WASHINGTON - With less than 100 days to go, Democrat Katie McGinty is trying to change the terms of Pennsylvania"s critical U.S. Senate race.

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WASHINGTON - With less than 100 days to go, Democrat Katie McGinty is trying to change the terms of Pennsylvania"s critical U.S. Senate race.

At a diner stop Tuesday in Bucks County, she launched a monthlong focus on economic issues - hoping to reset a contest Sen. Pat Toomey (R., Pa.) has steered toward national security and public safety.

"The biggest issue facing our country is a lack of good-paying jobs and a middle class that sees itself falling further and further behind," McGinty said in an interview.

Toomey, however, is not letting up. Minutes before McGinty"s gathering, he stood miles away with law enforcement officials in Delaware County, stressing concerns for Pennsylvanians" safety and for the police who protect them.

The dueling messages come as the rivals try to frame a race that could go a long way toward deciding control of the Senate - and as the economy and security regularly rank as voters" top priorities.

Polls show the Pennsylvania race up for grabs. A Democratic outfit, Public Policy Polling, released a survey this week showing McGinty within one percentage point of the incumbent.

Since McGinty won a hard-fought April 26 primary, she has had to focus on retrenching and rebuilding her campaign fund. Toomey, meanwhile, has tried to shape the debate, hammering away at safety issues, at times forcing McGinty into awkward, defensive stances.

She now hopes to push back.

Each week in August, her campaign plans to roll out an agenda item that she says will show her concern for the middle class while casting Toomey, a former financier, as a Wall Street crony. She has another event scheduled Wednesday in Swarthmore, Delaware County.

Her plans call for raising the minimum wage, protecting Wall Street reforms, increasing college affordability, and promoting equal pay for women.

Speaking Tuesday to roughly two dozen senior citizens at the Golden Dawn restaurant in Levittown, McGinty started with a call to protect and expand Social Security and Medicare. She said she favors changing the formula used for the annual cost-of-living increases for Social Security in a way that would likely boost payments.

In the earlier interview, McGinty said it would "make sense" to pay for such a plan - and extend Social Security"s solvency - by raising the limit on income taxed for Social Security to $250,000 from the current cap of $118,500. An aide later wrote in an email that was just one option she would consider.

McGinty"s policy focus dovetails with her campaign message that cast her as the champion of the working class, citing her blue-collar upbringing in Northeast Philadelphia.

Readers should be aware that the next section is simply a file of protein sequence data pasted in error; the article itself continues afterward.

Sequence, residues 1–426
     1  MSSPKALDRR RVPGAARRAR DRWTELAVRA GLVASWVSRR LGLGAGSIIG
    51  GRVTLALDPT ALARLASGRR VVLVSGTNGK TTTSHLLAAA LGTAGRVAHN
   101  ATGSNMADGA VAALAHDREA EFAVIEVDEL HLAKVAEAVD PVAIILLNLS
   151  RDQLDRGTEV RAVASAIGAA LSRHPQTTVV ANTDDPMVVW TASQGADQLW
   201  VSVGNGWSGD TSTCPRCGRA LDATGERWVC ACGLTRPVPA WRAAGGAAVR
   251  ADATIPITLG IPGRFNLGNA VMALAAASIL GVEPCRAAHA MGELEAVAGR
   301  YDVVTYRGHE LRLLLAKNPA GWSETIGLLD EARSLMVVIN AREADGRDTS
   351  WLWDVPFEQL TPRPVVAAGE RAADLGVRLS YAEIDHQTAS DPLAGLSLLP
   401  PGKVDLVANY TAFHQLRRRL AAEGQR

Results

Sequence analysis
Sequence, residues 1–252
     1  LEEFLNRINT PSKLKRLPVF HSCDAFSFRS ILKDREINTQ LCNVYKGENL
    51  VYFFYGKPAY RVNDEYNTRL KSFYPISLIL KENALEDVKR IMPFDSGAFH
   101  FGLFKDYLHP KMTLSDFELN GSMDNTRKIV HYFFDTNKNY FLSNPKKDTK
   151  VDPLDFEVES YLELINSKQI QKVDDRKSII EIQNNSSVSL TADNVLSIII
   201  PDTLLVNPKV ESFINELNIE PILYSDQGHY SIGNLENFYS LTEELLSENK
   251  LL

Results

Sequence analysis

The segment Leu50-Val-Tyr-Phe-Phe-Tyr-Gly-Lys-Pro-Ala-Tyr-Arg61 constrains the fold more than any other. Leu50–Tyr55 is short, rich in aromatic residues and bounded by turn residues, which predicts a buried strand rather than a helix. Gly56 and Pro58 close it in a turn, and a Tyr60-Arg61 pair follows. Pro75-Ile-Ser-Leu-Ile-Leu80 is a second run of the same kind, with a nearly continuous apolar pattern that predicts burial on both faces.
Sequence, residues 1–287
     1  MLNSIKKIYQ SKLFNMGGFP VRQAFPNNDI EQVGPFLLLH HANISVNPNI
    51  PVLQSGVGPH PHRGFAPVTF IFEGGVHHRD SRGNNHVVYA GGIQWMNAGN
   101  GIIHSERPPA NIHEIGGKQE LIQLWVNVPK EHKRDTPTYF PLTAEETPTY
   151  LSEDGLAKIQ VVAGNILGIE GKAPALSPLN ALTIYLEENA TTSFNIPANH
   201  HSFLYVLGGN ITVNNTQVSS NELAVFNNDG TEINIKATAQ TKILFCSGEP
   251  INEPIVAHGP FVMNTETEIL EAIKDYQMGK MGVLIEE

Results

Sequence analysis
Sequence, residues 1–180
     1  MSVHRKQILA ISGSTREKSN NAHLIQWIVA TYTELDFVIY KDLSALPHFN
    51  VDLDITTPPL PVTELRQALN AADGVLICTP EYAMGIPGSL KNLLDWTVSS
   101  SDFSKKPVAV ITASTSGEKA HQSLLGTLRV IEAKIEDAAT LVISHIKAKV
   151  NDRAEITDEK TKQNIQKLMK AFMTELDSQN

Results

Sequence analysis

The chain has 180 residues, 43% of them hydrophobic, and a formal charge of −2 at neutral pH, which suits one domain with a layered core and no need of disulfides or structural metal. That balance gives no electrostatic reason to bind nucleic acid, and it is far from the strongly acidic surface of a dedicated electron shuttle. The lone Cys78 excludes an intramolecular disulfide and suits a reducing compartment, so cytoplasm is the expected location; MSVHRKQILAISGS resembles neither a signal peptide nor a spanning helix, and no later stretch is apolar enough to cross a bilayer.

Trading jokes with the seniors, she also accused Toomey of wanting to "privatize" Social Security - a term Democrats have long used to attack Republican plans (never enacted) to allow workers under 55 to invest some Social Security savings.

Toomey has long focused on economic issues in the House and Senate and as the head of the fiscally conservative Club for Growth. But he has staked his reelection bid on safety and security.

For months he has pledged to fight against the Iran nuclear deal and "sanctuary cities," including Philadelphia, where local officials restrict cooperation with federal authorities on immigration matters.

In Haverford Township on Tuesday, he hailed police and called for aiding officers working in a "dangerous" world.

"There are voices out there that are suggesting that law enforcement is the problem," Toomey said at a news conference, flanked by the Delaware County prosecutor and local police. "The vast majority of Pennsylvanians know better than to believe that dishonest narrative."

His campaign aides said he"s happy to have an economic debate - blasting McGinty as harmful to the middle class. Toomey"s camp pointed to her support, as Gov. Wolf"s chief of staff, for a state budget proposal that included income and sales tax hikes.

"If Katie McGinty wants to talk about the economy, she will only be hurting herself, because her record is filled with support for enormous middle-class tax increases," said Toomey spokesman Ted Kwong.

McGinty countered that Wolf"s initial budget would also have cut property taxes and Philadelphia"s wage tax.

Toomey"s camp noted his long record of fighting on fiscal issues. But national security has also taken a prominent role in the public mind amid terrorism, mass shootings, and a wrenching national debate over policing.

By pressing on these issues, Toomey also highlights his experience edge in a deeply uneasy time. He has debated and voted on acts of war and the Iran deal, for example, while McGinty has never held public office.

Both campaigns hope to push their themes to the forefront leading up to the post-Labor Day home stretch.

A Pew Research Center survey in June found that 84 percent of registered voters rated the economy as "very important" in this year"s election, the most of any issue. Second was terrorism (80 percent called it "very important") and foreign policy was third (75 percent).

In Pennsylvania, the priorities are similar, said Franklin and Marshall College pollster G. Terry Madonna.

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"The economy right now is more important than terrorism and national security, but make no mistake about it, both are important," he said.

Still, he added, barring an unexpected event - like another terror attack - the economy "usually prevails."